top of page













The awareness of the inexorable fragility of the work and the risk of seeing it soon lost or progressively disappear, leads in itself to operate between .. minimal needs of the present and the inevitable and partial reinterpretation of the past. It is the awareness of the transience that pushes us to act, .. everything passes and turns so ... so maybe is reasonable... to abstract in respect of what has been. Daring belief? we dare to say never .. never cynical or an end in itself, always and however strictly faithful to the past, in the understanding of the lasting beauty between the ancient signs and the modern experience aimed at the collective future. We experience on ourselves ... sincerity and amazement ... knowing step by step our roots, opening ourselves rationally to honest and objectively achievable goals without crossing borders of abstraction or unattainable dreams. We look for solutions to problems with available resources.


We listen to our creativity analyzing the occasional falls of interest on technical aspects not sufficiently explored at the time of construction that, to put it all .. also give some sweet headache.

We are not purists of restoration and it is not our primary conduct, but we are purists of the noble intent that we are pursuing with pure passion. Ours is a vision of "sustainable compromise" that .. for some small aspects is obligatory .. but .. not for this results in negligence or in diminishing the work. We believe in the past aimed at the present without leaving the memory "on the street" or sinning in functionality where necessary. We always remember that, in other and more disparate cases, careless interventions have returned, despite good intentions, disastrous works.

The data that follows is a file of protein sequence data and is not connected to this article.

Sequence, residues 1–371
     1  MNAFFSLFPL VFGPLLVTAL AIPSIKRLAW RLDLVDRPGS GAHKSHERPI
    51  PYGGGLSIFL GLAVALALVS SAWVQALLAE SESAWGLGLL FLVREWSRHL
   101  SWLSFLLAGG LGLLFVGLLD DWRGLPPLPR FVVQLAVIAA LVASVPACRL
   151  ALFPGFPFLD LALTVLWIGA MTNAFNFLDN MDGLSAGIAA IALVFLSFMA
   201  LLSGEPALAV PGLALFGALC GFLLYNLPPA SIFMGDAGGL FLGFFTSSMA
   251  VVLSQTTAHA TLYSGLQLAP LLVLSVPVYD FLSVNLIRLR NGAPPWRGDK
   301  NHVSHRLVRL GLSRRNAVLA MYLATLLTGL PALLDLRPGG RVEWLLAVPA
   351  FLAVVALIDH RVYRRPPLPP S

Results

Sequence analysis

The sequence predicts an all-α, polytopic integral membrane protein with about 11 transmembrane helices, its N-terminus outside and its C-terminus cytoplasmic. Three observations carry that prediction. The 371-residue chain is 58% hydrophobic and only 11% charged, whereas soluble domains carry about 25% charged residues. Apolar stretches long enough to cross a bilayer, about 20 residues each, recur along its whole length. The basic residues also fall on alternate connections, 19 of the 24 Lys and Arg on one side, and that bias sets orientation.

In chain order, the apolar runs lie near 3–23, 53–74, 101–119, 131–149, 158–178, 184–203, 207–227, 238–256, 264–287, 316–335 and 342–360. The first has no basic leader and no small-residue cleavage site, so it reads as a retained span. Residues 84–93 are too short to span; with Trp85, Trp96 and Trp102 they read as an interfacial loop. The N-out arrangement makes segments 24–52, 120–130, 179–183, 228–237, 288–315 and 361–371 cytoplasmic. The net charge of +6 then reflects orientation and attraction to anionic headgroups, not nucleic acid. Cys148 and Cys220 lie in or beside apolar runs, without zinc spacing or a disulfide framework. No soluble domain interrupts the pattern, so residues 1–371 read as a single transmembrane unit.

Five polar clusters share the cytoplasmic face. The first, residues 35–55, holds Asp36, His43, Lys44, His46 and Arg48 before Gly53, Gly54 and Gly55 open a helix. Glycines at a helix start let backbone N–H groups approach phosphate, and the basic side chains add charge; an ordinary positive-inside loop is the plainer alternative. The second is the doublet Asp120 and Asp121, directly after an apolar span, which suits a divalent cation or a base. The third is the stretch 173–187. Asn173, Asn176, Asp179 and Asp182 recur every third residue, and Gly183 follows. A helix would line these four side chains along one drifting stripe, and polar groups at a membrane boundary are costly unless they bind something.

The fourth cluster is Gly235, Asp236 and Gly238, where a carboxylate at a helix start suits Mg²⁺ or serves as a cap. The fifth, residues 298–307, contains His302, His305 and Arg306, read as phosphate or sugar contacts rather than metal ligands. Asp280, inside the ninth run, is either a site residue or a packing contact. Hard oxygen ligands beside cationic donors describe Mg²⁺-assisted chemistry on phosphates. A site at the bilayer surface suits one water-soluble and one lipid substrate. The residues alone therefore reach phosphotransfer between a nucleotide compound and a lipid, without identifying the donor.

<< Any restoration work, of whatever nature it is, involves a considerable amount of risk and therefore requires the ability to take full responsibility for the result. The result, even if perfectly satisfactory with respect to the aims that the intervention proposes, inevitably involves one or more compromises from other points of view. The most important problem to be solved, especially with our conscience of men, scholars and technicians, is to arrive at the absolute conviction of the need to intervene in that particular way, evaluating with the utmost rigor what the date will go to gain and what it will lose according to a scale of concrete and objective values. >> Franco Minissi, Arch.

bottom of page